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Archive for the ‘Fruit’ Category

Loquats ripening on the tree-2In November, I was bowled over by the most delicious scent from the blossom on my loquat (Eriobotyra japonica) tree. And now, as I gaze out of my back door, I’m further delighted by the sight of so much ripe fruit. Did I just not notice this fruit before or is it a combination of a hot summer, followed by a very mild winter that has supplied such an abundant crop?

Never having eaten one of my loquats, I wasn’t sure how to tell if it was ripe or not. The fruit felt softish though, so I gave it a go. Loquats are about the same size as an apricot, but the flesh is more watery, more akin to a pear. The less ripe fruits are quite tangy and sharp, a bit like a grapefruit (in taste but not in texture), and they’re sweeter the riper they get. I am wondering though if our summers here would ever be hot enough for a whole tree of very ripe fruit. It’s an interesting (if not compelling) taste, very juicy, and I’ll continue to nibble a few more fruits to see if they get any sweeter still.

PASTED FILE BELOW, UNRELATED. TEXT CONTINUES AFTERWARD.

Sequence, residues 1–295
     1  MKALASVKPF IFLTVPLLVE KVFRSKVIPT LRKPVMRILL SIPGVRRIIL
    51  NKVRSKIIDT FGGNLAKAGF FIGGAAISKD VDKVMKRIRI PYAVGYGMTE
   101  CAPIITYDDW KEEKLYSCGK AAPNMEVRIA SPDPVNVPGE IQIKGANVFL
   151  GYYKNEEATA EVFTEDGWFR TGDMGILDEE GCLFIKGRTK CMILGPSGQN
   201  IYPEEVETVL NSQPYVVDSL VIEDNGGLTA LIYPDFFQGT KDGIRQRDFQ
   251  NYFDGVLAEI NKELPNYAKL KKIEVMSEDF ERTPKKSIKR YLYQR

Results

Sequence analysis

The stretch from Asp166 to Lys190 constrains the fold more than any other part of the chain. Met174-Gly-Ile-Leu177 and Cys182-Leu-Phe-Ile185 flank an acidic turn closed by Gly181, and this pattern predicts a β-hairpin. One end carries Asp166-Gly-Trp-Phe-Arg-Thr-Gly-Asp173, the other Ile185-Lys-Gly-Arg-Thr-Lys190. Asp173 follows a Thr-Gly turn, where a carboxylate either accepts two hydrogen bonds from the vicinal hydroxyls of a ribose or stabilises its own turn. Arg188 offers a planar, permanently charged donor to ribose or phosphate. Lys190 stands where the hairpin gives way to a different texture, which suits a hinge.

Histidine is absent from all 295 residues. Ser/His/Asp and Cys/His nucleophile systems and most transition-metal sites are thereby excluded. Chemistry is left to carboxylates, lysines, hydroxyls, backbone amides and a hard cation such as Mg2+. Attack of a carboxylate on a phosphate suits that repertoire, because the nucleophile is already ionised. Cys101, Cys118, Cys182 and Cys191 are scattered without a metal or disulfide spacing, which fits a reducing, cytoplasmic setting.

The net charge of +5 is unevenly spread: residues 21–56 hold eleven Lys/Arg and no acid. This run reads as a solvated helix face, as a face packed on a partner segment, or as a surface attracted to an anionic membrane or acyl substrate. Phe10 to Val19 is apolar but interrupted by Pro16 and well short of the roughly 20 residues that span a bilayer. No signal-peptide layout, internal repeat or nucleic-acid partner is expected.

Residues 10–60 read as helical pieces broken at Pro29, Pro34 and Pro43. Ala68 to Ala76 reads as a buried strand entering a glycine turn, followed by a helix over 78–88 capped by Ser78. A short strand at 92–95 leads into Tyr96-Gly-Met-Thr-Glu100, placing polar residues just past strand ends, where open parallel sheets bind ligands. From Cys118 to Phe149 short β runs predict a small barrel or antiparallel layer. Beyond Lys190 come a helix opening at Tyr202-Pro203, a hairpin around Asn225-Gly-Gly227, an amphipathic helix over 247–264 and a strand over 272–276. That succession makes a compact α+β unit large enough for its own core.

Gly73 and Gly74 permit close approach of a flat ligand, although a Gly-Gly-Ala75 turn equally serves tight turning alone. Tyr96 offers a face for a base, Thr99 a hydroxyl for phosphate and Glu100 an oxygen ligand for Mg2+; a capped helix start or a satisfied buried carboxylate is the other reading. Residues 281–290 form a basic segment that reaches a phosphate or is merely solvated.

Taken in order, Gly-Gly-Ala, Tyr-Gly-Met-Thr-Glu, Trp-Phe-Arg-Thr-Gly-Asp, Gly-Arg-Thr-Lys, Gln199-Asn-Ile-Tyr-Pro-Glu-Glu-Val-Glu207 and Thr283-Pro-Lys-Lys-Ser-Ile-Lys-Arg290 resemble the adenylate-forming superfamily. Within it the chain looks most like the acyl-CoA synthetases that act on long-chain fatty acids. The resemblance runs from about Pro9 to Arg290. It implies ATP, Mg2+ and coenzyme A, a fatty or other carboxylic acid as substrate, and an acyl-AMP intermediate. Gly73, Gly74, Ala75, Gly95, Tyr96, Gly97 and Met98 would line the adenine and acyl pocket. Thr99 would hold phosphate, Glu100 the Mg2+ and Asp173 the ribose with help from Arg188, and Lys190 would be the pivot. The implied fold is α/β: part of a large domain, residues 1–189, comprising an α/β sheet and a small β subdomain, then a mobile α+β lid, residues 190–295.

Loquat and almond cakeIn the meantime though, friend Catherine has found another, rather more splendid way to eat them. She recently noticed a very promising  apricot and almond upside-down cake on Diana Henry’s website (such luck!) and has made it her own using some of the remaining loquats (and soft brown sugar instead of caster sugar). What a bloomin’ treat! Slices just melt in your mouth and the slightly tangy taste of the loquats contrasts beautifully with the honey in the recipe, making it difficult not to polish the whole lot off in one sitting. Hurrah for Catherine being on hand to whip up such a fantastic dessert, and I’m now trawling Diana Henry’s website for more sumptuous recipes.